Each year in Utah, 30 pedestrians are hit and killed by a car and another 785 are hospitalized or treated in an emergency department after being in a crash with a motor vehicle (1). According to the Utah Highway Safety Office, the percent of crashes that involved a pedestrian has increased for the 7th year in a row. The year 2012 had the highest number of fatal crashes involving a pedestrian in the last 10 years. More than one-third (37.8%) of the pedestrians involved in a crash were aged 10-24 years (2).
"He was crossing the street when a commercial truck turned left and hit him, hitting his head and chest. He died an hour after the crash. Every day that passes, I miss him more."
Mother of Edwin Cardoso, a 14-year-old pedestrian hit and killed walking to school
Spot the Tot
Younger children are more likely to be hit by a vehicle in driveways (commonly called “backovers”), residential parking areas, and parking lots. From 1997 through 2006, 41 children under the age of 10 were killed by motor vehicles on private property; 93% of the victims were under the age of six. These types of incidents (occurring on private property locations) account for nearly half (49%) of all pedestrian-related deaths for pedestrians under the age of 10 years.
Did you know?
- Pedestrians have the right-of-way at both marked or unmarked crosswalks and a pedestrian can cross the street at any location, unless specifically prohibited. However, if a pedestrian is crossing at a location where a crosswalk does not exist, the pedestrian has the duty to yield to traffic.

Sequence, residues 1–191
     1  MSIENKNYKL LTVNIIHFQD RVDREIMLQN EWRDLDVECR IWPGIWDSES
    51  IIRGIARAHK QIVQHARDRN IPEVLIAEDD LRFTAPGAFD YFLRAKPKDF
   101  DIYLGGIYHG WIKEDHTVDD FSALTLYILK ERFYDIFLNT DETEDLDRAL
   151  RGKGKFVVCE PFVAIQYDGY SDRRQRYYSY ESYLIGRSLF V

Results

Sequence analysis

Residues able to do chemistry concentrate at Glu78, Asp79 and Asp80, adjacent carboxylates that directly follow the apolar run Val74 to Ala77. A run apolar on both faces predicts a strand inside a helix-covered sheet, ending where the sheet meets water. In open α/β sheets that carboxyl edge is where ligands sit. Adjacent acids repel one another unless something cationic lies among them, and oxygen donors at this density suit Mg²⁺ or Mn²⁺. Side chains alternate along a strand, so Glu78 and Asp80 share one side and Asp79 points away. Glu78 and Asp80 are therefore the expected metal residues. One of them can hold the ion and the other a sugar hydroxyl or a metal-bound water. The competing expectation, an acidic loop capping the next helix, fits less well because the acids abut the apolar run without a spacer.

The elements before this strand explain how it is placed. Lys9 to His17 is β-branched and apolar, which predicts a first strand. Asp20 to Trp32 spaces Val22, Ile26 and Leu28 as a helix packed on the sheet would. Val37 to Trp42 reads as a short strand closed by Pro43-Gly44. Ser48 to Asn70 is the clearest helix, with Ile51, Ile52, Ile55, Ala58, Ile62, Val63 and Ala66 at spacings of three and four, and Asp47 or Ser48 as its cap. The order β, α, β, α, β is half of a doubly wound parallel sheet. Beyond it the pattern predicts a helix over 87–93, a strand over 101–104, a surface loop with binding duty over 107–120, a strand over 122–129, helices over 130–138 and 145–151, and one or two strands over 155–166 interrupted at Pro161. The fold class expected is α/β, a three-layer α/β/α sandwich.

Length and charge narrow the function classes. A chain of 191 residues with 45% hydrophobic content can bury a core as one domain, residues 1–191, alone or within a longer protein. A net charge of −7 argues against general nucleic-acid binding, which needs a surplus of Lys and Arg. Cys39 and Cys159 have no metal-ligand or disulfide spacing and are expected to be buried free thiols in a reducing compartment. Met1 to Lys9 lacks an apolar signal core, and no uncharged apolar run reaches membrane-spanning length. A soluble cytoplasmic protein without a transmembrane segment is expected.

- A “Walk” signal means that a pedestrian has the right-of-way, but pedestrians should still wait and look for vehicles before stepping into the street.
- Many pedestrians are in crosswalks when they are hit. Many drivers simply don’t look for pedestrians when approaching a crosswalk, especially when preparing to make a turn.
- The best way to be seen at night is by wearing reflective clothing and by carrying a flashlight.
- Drivers must yield to any pedestrian in a crosswalk (marked or unmarked). Utah Code (41-6a-1006) states that a motorist must always exercise due care to avoid colliding with a pedestrian, regardless of the situation.
- Speeding is the primary cause in 32% of all fatal motor vehicle crashes (3).
- Indicator Based Information System for Public Health
- 2012 Utah Crash Summary Report
- National Highway Traffic Safety Administration Pedestrian Safety